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Science of Precise Pricing-Part 2

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“Artists and their Paintings”

In the earlier parts, we briefly introduced various channels through which used car transactions take place. Here, we dig deeper into each channel, analyzing the respective pros and cons.

C2C channel: It’s all about faith

This is the channel where most of the used car transactions take place; these are the transactions between friends or relatives or acquaintances in social circles. Most artists in this channel are close friends. Trust and faith drive these transactions. Pricing is all about hunches, instinct that says - “I am aware of my friend’s car and it is worth buying”.

A fact to note, however, is that this canvas is biased towards the seller - he is able to leverage the trust factor to secure a premium for his car. In fact, the buyer holds on to the intangible color that is trust and decides to pay a premium to buy his friend’s car.

Used car dealers channel: It's all about the lack of faith.

The dealer, the new artist in this channel, is villain personified. The buyer and seller believe the purpose of his existence is to make money at their expense; like a monkey that divides the bread between two cats.

On a closer look, we see that the dealer is the one whose life depends on selling and buying old cars - his existence depends on the goodwill generated with the customer. Unfortunately, even after being rechristened as certified car dealers, used car dealers are caught in a socialistic time warp where anyone involved in the for profit business is portrayed a desperado.

Here pricing is all about negotiations; the seller and buyer are advised not to believe what the dealer says. Buyer value certification and warranty, and they are ready to pay a premium for these. But for a seller, this is a channel that potentially offers a range of product offerings to help sell a car quickly and get full payments instantly.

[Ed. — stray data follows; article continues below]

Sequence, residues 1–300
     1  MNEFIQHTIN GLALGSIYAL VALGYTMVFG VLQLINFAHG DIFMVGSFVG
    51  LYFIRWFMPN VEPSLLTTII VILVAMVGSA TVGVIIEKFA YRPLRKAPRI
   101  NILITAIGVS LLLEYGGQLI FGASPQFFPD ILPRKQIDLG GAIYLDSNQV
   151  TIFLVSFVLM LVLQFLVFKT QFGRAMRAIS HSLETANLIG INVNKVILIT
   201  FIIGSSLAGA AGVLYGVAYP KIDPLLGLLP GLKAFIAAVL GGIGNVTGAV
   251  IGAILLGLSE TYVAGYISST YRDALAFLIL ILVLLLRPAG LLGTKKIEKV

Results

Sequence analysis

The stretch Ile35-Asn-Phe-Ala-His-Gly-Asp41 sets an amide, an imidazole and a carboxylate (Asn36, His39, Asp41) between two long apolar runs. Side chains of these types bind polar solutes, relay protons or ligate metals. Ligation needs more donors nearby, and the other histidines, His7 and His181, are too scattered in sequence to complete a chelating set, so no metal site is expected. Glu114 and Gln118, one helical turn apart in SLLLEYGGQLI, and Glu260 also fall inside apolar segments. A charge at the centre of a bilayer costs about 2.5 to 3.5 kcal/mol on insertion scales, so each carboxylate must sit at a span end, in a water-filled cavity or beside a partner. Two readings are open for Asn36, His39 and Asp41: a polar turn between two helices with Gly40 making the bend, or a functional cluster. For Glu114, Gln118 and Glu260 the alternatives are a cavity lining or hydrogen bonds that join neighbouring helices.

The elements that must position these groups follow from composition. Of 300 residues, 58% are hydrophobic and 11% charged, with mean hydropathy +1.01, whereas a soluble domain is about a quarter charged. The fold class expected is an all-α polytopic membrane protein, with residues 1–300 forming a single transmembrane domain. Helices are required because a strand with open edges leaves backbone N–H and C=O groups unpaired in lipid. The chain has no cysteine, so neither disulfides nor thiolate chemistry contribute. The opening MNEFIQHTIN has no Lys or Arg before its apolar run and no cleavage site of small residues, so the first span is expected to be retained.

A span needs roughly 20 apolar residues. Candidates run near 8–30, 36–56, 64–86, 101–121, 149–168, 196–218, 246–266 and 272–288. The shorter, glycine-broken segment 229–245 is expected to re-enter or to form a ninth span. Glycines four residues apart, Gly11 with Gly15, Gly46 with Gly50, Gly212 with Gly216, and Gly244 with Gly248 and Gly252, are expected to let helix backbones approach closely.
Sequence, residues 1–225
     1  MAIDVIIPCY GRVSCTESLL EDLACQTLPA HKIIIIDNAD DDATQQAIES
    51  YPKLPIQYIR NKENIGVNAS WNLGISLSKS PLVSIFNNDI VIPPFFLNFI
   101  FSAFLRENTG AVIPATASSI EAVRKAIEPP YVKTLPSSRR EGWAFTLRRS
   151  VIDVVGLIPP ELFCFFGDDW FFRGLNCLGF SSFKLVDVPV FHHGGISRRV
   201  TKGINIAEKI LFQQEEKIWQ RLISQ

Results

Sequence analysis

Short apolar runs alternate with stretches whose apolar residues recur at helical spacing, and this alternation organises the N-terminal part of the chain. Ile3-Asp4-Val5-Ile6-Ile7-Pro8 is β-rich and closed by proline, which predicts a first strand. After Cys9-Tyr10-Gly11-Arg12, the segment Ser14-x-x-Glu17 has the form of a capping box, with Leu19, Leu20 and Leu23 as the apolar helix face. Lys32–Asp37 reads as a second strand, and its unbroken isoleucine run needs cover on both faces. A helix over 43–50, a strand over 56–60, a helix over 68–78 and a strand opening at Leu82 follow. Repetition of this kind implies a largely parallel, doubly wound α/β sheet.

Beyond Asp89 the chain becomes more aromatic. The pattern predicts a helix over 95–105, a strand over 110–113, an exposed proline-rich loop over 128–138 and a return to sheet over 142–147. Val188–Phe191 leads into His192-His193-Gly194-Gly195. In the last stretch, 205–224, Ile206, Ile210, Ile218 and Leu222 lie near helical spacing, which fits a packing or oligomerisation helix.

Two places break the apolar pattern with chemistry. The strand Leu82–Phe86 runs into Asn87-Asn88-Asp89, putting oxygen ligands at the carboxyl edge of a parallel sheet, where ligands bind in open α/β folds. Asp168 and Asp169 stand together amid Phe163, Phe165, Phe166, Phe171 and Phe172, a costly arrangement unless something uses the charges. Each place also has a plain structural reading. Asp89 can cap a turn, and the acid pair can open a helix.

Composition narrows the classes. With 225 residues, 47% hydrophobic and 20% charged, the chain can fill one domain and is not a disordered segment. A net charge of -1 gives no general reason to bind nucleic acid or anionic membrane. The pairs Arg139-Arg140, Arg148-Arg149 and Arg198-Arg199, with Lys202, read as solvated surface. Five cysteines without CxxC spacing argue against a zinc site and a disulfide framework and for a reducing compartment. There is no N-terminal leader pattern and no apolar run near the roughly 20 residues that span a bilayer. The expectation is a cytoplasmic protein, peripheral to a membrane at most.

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Trade-In channel: It's all about upgrading swiftly to a new car

In order to attract upgraders to their showrooms, new car dealers offer various exchange bonuses to potential sellers that not only makes selling off old cars easier, but also incentivizes them.

The new car buyer can negotiate to maximize the value he derives from selling his old car and also negotiate on the price of the new car. Thereby, the common perception is that it is a good deal to look for good exchange bonuses. These old cars are then sold in used car markets via various networks.

If the brand being traded in and bought are same, then car manufacturer certifies the traded in car and sells it through the channel. If the brand being traded in is different to the new car sold then the manufacturer offloads it to a different agent.

In this market the main objective is selling the new car and hence it is ideal for consumers looking to upgrade their cars.

Auctions: Bidding on repossessed cars

When an owner fails to pay his EMIs on time, financial institutions that extended the car loan repossess the car from him. These repossessed cars are then sold via various channels, but predominantly through auctions. The reason why the cars are auctioned is that the banks want to convert their repossessed asset into money, are in a hurry, hence they do not want to refurbish or recondition the car and sell it through retail channels.

Although this channel should have intuitively supported the buyer (as the seller is in a hurry), the auctions market in India is unfortunately very unorganized. In fact, the condition of the cars is extremely deteriorated while the auction is also coloured by the involvement of local agents and their malpractices. Pricing of cars in the auction is also difficult as one cannot assess the cost of reconditioning the repossessed cars easily.

Despite this, a ray of hope emerged in this segment with the advent of technology companies such as EDIIG, which brought in the ‘Online Auction’ to India as well as assistance to banks and other financial institutions with yard management systems etc., thereby helping bring the repossessed cars into the organized market.

To summarize, if one looks at channels through which used cars get traded, there are indeed various artists involved in the dynamics of selling and buying. It is astounding that there are over 3.6 million cars traded in the used car market and the trading price is determined purely through the art of negotiation, leading to a situation predominantly, where there is one victor and one loser, either the seller or the buyer.

Can this win-lose situation become a win-win where both the buyer and seller are happy with the outcome of the transaction? Can we bring science into the pricing of used cars?

We would see that in the next part of precise pricing series.

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